Created By: unclerupee on August 13, 2011 Last Edited By: unclerupee on August 16, 2011
Troped

Piggybacking On Hitler

The bad guy joins Hitler purely to use Nazi resources/manpower for his own schemes

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Trope
A villain joins the Nazis during World War II, impresses Hitler enough to get his own squadron/unit, then uses these resources for his own gain. Often sees Hitler as just another obstacle to overcome later. This trope also works if you substitute Hitler/Nazis with any other historical dictator (Stalin, Kim Jong Il, Pol Pot etc), but those examples are less prevalent.

Compare/contrast with Dragon with an Agenda, here you don't need to be The Dragon, and with this trope you get an instantly recogniseable yardstick of evil for the villain to compare to and steal funds from.

Examples

  • Indiana Jones films like this trope. First Belloq in Raiders Of The Lost Ark, then Walter Donovan in Last Crusade.
  • In the latest Captain America movie, the Red Skull (Johann Schmidt) sets up Hydra like this.
  • Sebastian Shaw in X-Men First Class. He was just there to experiment on captive mutants.
  • Rasputin in the Hellboy film.
  • Herr Kleiser in The Ultimates. He was Captain America's chief nemesis during the second world war, but was actually an alien known as a Chitauri (aka a Skrull) that ate the real Kleiser and impersonated him, backing Hitler by giving the Nazis advanced weaponry. Really, this was just a scheme to soften the Earth up for a full-scale invasion.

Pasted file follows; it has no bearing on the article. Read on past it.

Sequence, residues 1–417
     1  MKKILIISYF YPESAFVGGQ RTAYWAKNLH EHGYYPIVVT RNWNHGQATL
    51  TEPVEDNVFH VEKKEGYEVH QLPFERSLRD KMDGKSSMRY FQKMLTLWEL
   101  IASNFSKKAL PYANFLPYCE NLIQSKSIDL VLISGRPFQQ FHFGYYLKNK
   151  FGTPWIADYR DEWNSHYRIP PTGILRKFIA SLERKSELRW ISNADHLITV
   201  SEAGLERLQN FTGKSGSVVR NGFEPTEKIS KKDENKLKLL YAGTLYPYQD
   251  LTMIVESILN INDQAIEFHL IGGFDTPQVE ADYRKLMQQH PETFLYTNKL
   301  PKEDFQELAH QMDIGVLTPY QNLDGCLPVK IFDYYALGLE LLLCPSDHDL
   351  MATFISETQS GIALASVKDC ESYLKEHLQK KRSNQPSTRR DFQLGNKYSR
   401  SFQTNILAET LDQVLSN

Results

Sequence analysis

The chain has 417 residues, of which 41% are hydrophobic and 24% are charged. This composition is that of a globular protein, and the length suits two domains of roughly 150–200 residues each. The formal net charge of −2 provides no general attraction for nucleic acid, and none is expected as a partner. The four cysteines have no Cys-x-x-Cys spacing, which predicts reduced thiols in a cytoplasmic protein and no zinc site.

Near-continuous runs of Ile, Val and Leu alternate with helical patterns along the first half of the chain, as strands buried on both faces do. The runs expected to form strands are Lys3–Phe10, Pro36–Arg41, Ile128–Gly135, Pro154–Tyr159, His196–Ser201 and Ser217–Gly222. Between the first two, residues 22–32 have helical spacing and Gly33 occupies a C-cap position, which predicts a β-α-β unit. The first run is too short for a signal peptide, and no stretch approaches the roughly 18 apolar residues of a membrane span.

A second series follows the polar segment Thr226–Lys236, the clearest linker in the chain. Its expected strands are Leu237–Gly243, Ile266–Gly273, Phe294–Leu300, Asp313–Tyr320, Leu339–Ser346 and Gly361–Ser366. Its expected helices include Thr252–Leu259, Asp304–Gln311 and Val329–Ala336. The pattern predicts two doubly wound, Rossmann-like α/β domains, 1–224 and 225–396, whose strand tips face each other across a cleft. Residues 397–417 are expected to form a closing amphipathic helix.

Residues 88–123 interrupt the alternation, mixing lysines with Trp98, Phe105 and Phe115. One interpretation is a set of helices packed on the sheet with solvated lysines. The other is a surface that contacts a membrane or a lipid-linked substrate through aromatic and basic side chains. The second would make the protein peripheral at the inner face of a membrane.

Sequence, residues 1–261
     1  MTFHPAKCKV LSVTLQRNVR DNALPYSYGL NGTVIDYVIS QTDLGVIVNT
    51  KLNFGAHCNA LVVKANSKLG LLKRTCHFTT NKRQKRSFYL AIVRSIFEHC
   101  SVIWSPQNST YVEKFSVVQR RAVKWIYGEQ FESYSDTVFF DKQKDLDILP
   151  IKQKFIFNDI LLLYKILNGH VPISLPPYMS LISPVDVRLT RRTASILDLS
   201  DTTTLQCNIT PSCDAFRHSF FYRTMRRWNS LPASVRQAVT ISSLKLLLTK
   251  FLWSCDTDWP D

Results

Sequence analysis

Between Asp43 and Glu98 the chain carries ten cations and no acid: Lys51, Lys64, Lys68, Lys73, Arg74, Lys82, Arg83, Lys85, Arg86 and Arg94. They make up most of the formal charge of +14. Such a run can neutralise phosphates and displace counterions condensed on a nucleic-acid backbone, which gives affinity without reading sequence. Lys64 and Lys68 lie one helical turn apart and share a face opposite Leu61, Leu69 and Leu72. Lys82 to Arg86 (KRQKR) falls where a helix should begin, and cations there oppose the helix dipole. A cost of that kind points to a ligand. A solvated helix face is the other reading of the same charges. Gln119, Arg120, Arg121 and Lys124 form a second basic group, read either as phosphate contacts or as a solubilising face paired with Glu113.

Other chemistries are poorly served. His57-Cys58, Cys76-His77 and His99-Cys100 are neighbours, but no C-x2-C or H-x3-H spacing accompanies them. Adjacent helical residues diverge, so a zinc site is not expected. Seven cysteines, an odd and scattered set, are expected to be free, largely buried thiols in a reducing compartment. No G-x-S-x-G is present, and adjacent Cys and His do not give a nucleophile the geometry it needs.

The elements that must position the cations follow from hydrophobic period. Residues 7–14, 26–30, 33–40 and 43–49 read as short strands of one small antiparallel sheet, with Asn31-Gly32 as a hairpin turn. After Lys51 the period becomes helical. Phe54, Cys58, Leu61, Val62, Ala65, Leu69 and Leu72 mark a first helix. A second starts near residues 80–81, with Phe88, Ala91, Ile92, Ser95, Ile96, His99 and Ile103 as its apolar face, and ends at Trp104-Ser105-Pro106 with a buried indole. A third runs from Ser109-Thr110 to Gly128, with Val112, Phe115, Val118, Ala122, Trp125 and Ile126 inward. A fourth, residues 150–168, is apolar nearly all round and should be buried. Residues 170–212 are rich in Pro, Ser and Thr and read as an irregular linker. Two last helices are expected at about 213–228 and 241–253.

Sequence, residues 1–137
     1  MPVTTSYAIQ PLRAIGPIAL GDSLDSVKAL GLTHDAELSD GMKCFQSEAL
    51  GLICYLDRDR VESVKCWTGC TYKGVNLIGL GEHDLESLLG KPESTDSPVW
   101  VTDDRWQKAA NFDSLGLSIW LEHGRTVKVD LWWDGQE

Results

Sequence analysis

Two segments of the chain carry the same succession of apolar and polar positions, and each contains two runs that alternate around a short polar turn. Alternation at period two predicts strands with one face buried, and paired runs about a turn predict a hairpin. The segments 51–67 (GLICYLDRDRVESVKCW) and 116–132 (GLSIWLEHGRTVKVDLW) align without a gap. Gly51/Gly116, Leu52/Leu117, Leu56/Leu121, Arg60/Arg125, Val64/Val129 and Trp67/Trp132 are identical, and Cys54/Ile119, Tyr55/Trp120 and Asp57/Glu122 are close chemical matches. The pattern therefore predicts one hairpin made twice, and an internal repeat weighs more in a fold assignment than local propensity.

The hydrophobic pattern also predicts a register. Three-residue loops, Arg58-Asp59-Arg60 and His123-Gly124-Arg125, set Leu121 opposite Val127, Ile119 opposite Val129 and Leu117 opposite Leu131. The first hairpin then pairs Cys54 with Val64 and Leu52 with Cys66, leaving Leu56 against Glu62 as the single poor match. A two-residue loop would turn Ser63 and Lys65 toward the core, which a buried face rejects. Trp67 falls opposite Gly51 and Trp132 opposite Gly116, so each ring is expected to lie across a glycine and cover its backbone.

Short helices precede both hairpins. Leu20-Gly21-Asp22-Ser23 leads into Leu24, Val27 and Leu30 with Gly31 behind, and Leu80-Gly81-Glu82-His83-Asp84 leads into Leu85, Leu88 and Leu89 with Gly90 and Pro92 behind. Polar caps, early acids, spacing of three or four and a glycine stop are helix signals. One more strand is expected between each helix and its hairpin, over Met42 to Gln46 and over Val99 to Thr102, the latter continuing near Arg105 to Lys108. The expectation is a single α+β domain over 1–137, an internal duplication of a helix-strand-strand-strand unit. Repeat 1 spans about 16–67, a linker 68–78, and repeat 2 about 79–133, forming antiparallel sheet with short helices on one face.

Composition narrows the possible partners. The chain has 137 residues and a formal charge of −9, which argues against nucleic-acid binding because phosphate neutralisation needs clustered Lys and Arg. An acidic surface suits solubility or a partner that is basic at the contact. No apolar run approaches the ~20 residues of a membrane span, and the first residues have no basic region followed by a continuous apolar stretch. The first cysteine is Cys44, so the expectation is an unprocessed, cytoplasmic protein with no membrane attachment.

• In the Star Trek: Enterprise 2-part episode "Storm Front", a race from the 29th century find themselves back in time on 20th century Earth, during World War 2. They side with the Nazis, offering to build advanced weapons in exchange for the resources they need to build a time machine.
  • In the Justice League 3-part episode "The Savage Time", the immortal Vandal Savage in the present builds a time machine and sends a laptop back to himself during World War 2, containing future history and schematics for technology. Vandal then joins the Nazis and rapidly rises through the ranks until he usurps Hitler himself, becoming the new Fuehrer. He didn't really care about Nazi ideals, he just wanted to use them to conquer the world for himself.
  • In the Red5 comic book series Atomic Robo, Robo's (arguably) arch nemesis Baron Von Helsingard uses this trope to try and gain ultimate power, and gains quite a following in the process.